'Notwithstanding anything contained is the terms of any instrument of trust, the terms of dedication, the terms of a sanad, or a decree or order of a competent Court, or any custom, usage or law, for time being in force to the contrary, every temple shall be open to Harijans for worship in the same manner and to the same extent as to any member of the Hindu community or any section thereof and Harijans shall be entitled to bathe in, or use the waters of, any sacred tank, well, spring or water-course in the same manner and to the same extent as any member of the Hindu community or any section thereof.'' The Advocate General's contention is that we must import the definition of 'Hindus' given in the Act into this section, and having imported that definition, we must read the section as meaning that every temple, whether it is a temple of Hindus or of Jains, is open to every member of the Hindu community, which means member of the Jain community or the Hindu community. It is impossible to accept this contention. If this contention were to prevail, it would result in our holding that the Legislature by this legislation has completely wiped off and obliterated all distinction between Hindus and Jains and that the object of this legislation was to do away with such distinction and difference. As I said before, this Act has a narrow and limited objective, however laudable that objective might be, and the limited objective is to raise the Harijans in status and to bring them up to the same position as high class Hindus in respect of temple entry. The object of this legislation is not to do away with the distinction between Hindus and Jains or the distinction between Hindu and Jain temples. It is well known that Jains are Hindu dissenters and in their religious beliefs they differ from the Hindus on some material points. They do not recognise the authority of the Vedas and do not subscribe to the view that there is any religions merit in the performance of rituals and sacrifices. The Jains also differ from the Hindus in assigning the highest place of respect to their saints known as Teerthankars who according to the Jains have 'successively become superior Gods' vide Bhagvandas Tejmal v. Rajmal 10 Bom. R. C. R. 241. It is true that according to judicial decisions in the absence of proof of custom or usage to the contrary Hindu law applied to the Jains. Even so, their distinct and separate entity as a class by themselves governed by their own religions tenets and belief cannot be disputed. Therefore, though as the Advocate-General assumes it may be possible or perhaps even desirable to treat the Jains as Hindus for all legal and special purposes, that clearly was not the object of the State Legislature in passing the present Act. We must, therefore, refuse to accept the contention of the Advocate-General that the main object of the Act is to remove all the distinctions between Jains and Hindus.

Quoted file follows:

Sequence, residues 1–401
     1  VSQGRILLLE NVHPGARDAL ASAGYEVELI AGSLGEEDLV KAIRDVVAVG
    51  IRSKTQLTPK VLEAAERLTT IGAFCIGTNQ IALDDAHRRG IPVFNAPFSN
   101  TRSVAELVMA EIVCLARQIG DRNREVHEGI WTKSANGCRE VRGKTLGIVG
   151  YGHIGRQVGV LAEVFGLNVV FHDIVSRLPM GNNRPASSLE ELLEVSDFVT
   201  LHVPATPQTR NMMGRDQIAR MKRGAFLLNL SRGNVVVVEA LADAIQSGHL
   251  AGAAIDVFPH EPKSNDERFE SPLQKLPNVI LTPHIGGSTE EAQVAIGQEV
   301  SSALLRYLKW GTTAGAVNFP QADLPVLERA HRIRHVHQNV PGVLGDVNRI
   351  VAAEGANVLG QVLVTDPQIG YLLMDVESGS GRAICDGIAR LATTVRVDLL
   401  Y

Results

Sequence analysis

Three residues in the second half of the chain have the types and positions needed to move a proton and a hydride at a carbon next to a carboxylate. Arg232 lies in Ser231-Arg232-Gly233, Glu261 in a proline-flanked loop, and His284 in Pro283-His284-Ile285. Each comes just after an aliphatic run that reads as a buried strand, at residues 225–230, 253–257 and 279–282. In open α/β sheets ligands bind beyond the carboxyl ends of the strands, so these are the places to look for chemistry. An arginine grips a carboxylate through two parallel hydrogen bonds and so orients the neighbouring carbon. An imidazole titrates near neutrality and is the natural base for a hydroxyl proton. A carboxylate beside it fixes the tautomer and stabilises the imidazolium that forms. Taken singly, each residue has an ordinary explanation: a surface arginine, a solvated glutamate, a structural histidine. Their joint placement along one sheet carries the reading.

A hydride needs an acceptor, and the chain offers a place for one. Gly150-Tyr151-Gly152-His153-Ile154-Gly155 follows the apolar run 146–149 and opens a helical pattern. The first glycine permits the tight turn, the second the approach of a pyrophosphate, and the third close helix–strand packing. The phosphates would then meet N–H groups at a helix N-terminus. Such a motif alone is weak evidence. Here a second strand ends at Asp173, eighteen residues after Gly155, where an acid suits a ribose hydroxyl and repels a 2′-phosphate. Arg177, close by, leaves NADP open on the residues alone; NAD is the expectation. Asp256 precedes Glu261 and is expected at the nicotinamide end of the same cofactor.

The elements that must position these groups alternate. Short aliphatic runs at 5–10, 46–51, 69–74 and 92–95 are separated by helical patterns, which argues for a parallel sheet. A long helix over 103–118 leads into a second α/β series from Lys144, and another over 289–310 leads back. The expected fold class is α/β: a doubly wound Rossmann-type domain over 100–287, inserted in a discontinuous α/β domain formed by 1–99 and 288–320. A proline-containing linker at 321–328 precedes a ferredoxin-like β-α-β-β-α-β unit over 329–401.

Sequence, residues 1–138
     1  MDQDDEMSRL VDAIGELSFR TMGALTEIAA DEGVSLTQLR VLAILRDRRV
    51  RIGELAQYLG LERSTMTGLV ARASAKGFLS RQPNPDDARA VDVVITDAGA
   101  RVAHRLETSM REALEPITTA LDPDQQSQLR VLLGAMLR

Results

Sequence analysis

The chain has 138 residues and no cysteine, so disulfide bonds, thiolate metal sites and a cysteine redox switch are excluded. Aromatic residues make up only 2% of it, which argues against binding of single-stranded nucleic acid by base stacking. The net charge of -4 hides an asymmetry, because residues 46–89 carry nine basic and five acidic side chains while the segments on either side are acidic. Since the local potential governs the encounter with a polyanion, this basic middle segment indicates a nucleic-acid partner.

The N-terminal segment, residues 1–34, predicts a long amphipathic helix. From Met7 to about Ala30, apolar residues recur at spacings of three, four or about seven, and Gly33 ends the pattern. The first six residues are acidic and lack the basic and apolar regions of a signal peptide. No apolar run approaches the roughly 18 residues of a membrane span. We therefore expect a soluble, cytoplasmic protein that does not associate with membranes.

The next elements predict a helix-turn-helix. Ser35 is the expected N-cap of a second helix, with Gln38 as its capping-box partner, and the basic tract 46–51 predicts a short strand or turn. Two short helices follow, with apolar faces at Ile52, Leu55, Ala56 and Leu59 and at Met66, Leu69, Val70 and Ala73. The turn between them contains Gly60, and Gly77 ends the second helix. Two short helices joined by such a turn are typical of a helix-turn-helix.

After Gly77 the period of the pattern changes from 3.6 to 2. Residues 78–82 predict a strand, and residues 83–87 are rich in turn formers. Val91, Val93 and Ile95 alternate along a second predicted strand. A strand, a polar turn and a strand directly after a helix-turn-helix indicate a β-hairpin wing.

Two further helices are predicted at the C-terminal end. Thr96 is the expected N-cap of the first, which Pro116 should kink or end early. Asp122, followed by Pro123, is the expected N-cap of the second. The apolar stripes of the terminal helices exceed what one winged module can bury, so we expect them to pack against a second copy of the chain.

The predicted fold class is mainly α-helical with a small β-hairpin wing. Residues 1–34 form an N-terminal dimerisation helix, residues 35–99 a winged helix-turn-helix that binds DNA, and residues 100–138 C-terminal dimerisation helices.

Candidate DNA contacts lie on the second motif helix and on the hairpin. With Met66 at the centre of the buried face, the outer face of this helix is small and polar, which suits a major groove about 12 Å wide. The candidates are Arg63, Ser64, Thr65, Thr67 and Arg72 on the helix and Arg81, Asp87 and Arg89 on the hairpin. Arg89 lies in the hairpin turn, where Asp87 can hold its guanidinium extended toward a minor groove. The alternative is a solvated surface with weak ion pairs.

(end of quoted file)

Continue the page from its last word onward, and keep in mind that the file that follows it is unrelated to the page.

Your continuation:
The other consequence of the Advocate-General's argument being accepted would be that this Act confers rights upon high class Hindus which they did not possess before the passing of this Act, because according to the Advocate-General after this Act was passed every Hindu became entitled to enter a Jain temple even though he did not have such a right before the passing of this statute. That construction also, in our opinion, is totally opposed to the object and purpose of this legislation. This legislation was not passed in order to confer any rights upon high class Hindus. It was passed solely for the purpose of removing disabilities of Harijans. The definition of 'temple' also lends support to the construction we are placing upon the statue, because a temple is defined as a place of religious worship which is so by custom, usage or otherwise. That means that if a temple is permitted by Jains to he used by the Hindus, then undoubtedly it would fall in the definition of 'temple' as used in this Act. Mr. Das concedes that if in this particular Jain temple Hindus are permitted to worship by reason of custom or usage, then the Harijans would be equally entitled to worship in this temple. But the Advocate-General is asking for a higher right for Hindus, and that right is that although by law or by custom a Hindu was not entitled to worship in a Jain temple, by reason of this Act he became so entitled. That contention we are not prepared to accept.